Why Hong Kong’s landfill problem won’t be solved by waste-to-energy plants

Readers discuss the government’s plan to build waste-to-energy facilities, and the importance of caring for Hong Kong’s country parks and hiking trails, which have served as places of respite during the pandemic
(21 Feb 2022 SCMP) The Environment Bureau recently announced it is working on plans to develop more waste-to-energy facilities. However, Hong Kong’s first facility able to process general municipal solid waste is still under construction.
The bureau said the additional centres would support the city’s commitment to achieving carbon neutrality before 2050, and would mean it can move away from reliance on landfills for municipal solid waste disposal by 2035.
Are these sound reasons?
Municipal solid waste accounted for 7 per cent of the city’s greenhouse gas emissions in 2020, with the major source being organic waste decomposition in landfills.
The city generates two types of organic waste: food waste and yard waste. The existing yard waste recycling centre can handle 60 tonnes a day at most. But the city generated 222 tonnes of yard waste a day in 2020. That means over 160 tonnes of yard waste are still ending up in landfills every day.
Although Hong Kong’s first food waste recycling plant can currently compost over 100 tonnes of food waste a day, our landfills still receive daily over 3,000 tonnes of food waste, all of which contributes to the city’s carbon emissions.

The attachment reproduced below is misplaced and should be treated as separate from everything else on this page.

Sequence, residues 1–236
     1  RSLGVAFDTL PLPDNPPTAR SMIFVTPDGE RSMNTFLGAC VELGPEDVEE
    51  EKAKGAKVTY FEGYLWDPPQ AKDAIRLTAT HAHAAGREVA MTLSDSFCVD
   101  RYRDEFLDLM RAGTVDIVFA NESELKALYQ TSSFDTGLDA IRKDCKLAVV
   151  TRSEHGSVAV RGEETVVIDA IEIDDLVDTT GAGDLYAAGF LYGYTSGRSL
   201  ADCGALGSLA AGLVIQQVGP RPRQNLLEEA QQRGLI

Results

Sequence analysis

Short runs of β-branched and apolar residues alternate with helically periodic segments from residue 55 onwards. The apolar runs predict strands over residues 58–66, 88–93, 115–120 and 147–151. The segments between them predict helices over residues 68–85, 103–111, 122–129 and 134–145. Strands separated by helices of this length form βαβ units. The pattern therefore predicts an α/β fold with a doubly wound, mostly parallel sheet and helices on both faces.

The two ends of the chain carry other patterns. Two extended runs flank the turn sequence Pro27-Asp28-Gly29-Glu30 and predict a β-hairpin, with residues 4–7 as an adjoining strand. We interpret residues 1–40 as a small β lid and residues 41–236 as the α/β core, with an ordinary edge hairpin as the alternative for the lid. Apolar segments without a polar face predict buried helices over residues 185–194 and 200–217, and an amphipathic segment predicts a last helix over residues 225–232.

Even if landfills were to stop taking organic waste, such waste should not be treated in a waste-to-energy facility. As food waste is wet garbage, it would probably need to be burned in a fossil fuel-powered incinerator, which makes carbon reduction claims dubious.
The development of more waste-to-energy facilities would inevitably destroy more resources. The sustainable approach would be to prevent more waste from being generated at source. To achieve this, the bureau should put much more emphasis on waste avoidance, reuse, recycling and public education.
There is much room for improvement in the commercial sector. For instance, very few restaurants offer the choice of smaller portions, resulting in huge yet avoidable food waste. Likewise, restaurants seldom provide reusable dining ware for customers buying takeaway.
A trip to the supermarket generates a lot of packaging waste in the form of plastic and plastic-laminated paper. Why don’t stores introduce packaging-free shopping and set themselves meaningful waste reduction targets coupled with action?
Environment Minister Wong Kam-sing has made himself a role model by often using his own shopping bags and water bottle, and leaving no food on the plate. That is not enough. He needs to exert pressure upon industry and government leaders to also become role models. This will convince society at large to follow suit, establishing a sustainable green trend.
Edwin Lau
Executive Director, The Green Earth
21 Feb 2022 SCMP